One of the problems writing a column in a monthly publication is timing. Even if I submit the column at the last possible moment, there is still a week-to-10 days before the paper will be in your mailbox (provided that the USPS cooperates and the delivery is timely). I worry that the topic can become stale or even outdated during that time.
Unfortunately, I think I’m pretty safe this month. It is doubtful that peace will break out in the Middle East before this HAKOL appears in your mailbox.
Last month, I joined nearly 50 people from the Lehigh Valley -- plus an additional 14 Muhlenberg and Lehigh students -- at the annual American Israel Public Affairs Committee (AIPAC) Policy Conference. It is an important and empowering conference. Our group from the Lehigh Valley was our largest delegation ever to the annual AIPAC conference and included the rabbis of the three largest synagogues in the Lehigh Valley, as well as congregants of those and other synagogues.
Most of the buzz at the conference was on Iran and the diplomatic efforts to roll back (not simply contain) their nuclear capabilities and hopefully avoid some kind of military action. There clearly was a divide between Congress and the Administration, and between the Administration and the majority of the AIPAC conference delegates. It is subtle, but not insignificant. Everyone endorses, and applauds, the U.S. Administration’s efforts to bring about a diplomatic resolution. Everyone believes that the sanctions imposed on Iran have largely been successful and are a major reason Iran is in diplomatic talks with the P5+1 countries. Everyone supports additional sanctions on Iran should they fail to perform according to the interim agreement reached between Iran and the P5+1 in November in Geneva. The nuance is that most in Congress and many in the pro-Israel community believe the best strategy is to confirm those additional sanctions now, leaving Iran no doubt as to the next steps to be taken by those dedicated to preventing a nuclear Iran.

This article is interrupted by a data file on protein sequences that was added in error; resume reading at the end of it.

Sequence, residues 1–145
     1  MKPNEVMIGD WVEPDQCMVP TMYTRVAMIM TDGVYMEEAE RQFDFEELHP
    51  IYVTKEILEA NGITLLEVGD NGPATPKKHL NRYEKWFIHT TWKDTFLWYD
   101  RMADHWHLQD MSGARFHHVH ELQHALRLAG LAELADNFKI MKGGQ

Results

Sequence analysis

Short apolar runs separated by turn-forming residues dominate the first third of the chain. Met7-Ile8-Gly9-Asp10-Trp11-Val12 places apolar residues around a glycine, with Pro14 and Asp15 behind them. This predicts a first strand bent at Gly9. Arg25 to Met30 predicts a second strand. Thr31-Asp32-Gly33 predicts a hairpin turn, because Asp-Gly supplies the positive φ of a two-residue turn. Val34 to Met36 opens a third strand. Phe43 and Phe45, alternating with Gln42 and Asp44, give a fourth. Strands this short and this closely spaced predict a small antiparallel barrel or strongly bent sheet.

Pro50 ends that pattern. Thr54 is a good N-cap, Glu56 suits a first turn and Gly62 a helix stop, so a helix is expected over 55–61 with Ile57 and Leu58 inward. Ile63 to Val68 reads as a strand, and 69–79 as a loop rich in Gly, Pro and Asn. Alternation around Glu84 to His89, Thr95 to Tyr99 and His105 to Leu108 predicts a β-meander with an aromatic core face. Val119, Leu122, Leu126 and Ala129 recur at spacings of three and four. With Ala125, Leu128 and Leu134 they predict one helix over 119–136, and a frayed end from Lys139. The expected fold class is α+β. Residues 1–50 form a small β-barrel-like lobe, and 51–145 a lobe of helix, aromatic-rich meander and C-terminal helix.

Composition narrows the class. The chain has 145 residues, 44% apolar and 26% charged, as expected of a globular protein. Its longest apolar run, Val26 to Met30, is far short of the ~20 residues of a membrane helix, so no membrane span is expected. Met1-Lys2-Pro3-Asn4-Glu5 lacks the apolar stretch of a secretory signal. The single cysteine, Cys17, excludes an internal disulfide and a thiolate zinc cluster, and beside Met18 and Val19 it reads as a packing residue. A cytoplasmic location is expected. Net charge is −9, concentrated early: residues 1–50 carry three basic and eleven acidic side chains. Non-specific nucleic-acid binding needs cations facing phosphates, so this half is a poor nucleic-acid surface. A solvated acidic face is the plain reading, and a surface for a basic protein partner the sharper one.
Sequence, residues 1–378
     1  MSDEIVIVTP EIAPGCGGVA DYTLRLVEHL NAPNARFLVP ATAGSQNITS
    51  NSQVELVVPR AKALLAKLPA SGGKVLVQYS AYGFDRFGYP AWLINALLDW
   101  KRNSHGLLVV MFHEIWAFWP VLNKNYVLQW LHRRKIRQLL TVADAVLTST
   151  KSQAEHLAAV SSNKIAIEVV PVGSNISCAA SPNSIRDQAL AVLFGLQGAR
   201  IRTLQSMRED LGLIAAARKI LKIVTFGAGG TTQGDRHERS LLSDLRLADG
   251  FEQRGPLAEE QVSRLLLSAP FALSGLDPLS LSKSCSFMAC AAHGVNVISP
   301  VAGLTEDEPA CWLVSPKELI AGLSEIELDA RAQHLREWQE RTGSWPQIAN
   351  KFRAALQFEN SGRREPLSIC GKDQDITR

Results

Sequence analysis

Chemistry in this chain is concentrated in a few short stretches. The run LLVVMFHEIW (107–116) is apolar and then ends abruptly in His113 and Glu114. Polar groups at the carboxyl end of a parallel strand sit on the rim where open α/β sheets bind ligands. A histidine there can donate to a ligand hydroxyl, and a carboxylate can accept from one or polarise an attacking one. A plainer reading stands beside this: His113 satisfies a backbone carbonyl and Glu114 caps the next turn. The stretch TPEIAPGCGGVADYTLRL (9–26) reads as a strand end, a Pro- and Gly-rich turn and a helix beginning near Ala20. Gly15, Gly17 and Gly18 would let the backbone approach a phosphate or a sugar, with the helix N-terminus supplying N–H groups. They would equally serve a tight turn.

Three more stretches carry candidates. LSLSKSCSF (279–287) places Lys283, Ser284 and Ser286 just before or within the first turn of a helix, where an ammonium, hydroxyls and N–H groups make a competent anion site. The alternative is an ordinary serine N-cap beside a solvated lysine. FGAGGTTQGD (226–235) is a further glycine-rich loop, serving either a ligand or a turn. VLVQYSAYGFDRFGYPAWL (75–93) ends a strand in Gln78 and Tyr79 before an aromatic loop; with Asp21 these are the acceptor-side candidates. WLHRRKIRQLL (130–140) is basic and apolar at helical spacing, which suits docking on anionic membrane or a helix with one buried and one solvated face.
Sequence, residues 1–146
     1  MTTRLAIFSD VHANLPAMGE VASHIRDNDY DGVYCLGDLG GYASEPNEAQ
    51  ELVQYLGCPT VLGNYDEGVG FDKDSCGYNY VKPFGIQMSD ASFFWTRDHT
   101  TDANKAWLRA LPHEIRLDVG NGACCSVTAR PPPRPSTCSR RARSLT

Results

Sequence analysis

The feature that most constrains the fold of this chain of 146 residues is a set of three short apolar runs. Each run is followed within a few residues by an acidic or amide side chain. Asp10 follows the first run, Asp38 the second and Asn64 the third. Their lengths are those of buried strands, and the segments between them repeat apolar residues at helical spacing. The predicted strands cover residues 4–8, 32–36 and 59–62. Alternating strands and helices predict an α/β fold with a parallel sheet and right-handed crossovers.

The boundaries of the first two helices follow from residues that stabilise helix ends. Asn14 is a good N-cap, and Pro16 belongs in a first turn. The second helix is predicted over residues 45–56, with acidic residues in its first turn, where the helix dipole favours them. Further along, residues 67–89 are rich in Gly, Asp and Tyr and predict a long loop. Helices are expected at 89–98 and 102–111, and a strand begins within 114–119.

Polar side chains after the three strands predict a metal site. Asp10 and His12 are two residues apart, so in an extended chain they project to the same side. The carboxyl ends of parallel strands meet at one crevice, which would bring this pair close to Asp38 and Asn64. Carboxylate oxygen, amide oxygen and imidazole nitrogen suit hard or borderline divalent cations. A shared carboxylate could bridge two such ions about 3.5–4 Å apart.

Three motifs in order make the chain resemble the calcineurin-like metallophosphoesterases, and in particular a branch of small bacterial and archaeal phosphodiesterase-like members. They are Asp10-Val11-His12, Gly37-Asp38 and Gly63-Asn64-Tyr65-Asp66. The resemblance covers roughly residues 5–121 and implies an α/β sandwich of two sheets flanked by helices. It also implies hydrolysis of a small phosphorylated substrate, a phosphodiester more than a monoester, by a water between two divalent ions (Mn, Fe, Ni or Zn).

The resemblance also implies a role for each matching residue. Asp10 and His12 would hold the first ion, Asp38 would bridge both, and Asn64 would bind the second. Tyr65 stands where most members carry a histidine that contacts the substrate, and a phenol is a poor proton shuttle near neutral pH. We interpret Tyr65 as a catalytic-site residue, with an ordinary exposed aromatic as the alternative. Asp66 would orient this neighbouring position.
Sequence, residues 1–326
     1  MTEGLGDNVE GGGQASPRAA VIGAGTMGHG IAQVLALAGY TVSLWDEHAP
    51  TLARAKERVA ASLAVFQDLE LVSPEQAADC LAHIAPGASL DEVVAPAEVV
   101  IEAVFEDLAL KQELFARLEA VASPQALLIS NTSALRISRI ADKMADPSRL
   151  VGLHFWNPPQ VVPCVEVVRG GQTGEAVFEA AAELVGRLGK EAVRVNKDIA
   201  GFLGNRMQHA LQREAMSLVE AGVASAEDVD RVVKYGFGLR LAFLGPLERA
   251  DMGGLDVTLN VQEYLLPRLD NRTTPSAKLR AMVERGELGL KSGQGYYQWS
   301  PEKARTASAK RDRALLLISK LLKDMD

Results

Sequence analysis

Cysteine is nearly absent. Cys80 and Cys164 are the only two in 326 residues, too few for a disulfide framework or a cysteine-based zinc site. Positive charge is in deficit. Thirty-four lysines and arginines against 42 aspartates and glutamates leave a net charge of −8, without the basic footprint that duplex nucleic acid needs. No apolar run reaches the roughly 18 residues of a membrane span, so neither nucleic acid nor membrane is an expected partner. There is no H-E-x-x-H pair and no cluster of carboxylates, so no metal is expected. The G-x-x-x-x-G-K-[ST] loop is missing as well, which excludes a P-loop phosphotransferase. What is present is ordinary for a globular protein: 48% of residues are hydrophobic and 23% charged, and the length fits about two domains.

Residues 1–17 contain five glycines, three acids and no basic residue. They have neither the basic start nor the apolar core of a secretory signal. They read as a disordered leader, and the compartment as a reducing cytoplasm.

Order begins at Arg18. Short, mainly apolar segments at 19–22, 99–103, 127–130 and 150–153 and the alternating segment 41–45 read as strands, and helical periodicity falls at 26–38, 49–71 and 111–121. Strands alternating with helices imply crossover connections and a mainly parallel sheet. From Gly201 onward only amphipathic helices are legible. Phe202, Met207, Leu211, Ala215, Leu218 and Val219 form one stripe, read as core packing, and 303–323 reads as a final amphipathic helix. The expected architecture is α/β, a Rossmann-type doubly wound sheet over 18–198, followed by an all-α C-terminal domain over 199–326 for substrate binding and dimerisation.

U.S. Senators Toomey and Casey have expressed their support of announcing the additional sanctions now, as reflected in letters and draft legislation proposed by Senators Kirk (Wash.) and Menendez (N.J.). However, it does not appear the legislation will move forward without a veto-proof majority.
But there was another undercurrent during the AIPAC conference, evident in many of the “drill down” sessions, relating to the current U.S.- led efforts to bring about some sort of movement in the negotiations between the Palestinians and the Israelis. And I heard it from many: political scientists, political commentators, former State department officials, former IDF officers, former Israeli Knesset members, Israeli and American journalists and even from former PLO negotiators. What I heard and felt was in three components: (a) Secretary of State Kerry’s efforts to bring about direct Israeli-Palestinian talks may prove to be nothing short of heroic; (b) we may be closer than ever to something positive (I am hesitant to say exactly what, other than many felt we are closer than we have been in decades, or more); and (c) we should not be distracted by what each side says publicly. Everyone stressed that the difficult compromises that Obama and Kerry say are necessary to move the process forward will come about in direct negotiations and not in pronouncements prior to those discussions. The chatter is more for positioning and (hopefully) less for articulating immutable positions.
Both Netanyahu and Abbas have fragile political foundations. Netanyahu needs to keep together a coalition of unlikely partners, some of whom are making public statements expressing their respective political parties’ positions, not necessarily the position of the Israeli government as a whole. Abbas has struggles on both sides: Hamas in Gaza and ousted Fatah Central Committee member Mohamed Dahlan, currently living abroad. Public pronouncements by Abbas of accommodation to Israel might let him earn favor with the U.S. and the E.U., the latter beginning to express its frustration with Abbas and the Palestinians for their intransigence, but it won’t ensure his political position (or life).
A retired brigadier general from the IDF cautioned that the upcoming “Kerry Framework” will not be a framework agreement between the two parties. Rather, the Framework is an attempt to narrow the gaps so both parties can come to the table with their respective reservations. The struggle is how to create two equal narratives from two competing narratives.
It is said in the Middle East that you stand where you sit. With that foundation, I can think of many issues that will be deal breakers (settlements, Palestinian right of return, borders, Israeli military presence along the Jordanian border, recognition of Israel as the nation state of the Jewish people). And the recent public comments by those involved can easily lead us to believe that we are no closer to anything. But I am hopeful that those extremely more knowledgeable than I am might be right and that things are happening now that lead them to believe we are closer than ever. The stakes are high; I am willing to wait and see, and will work hard to place the public comments into this perspective.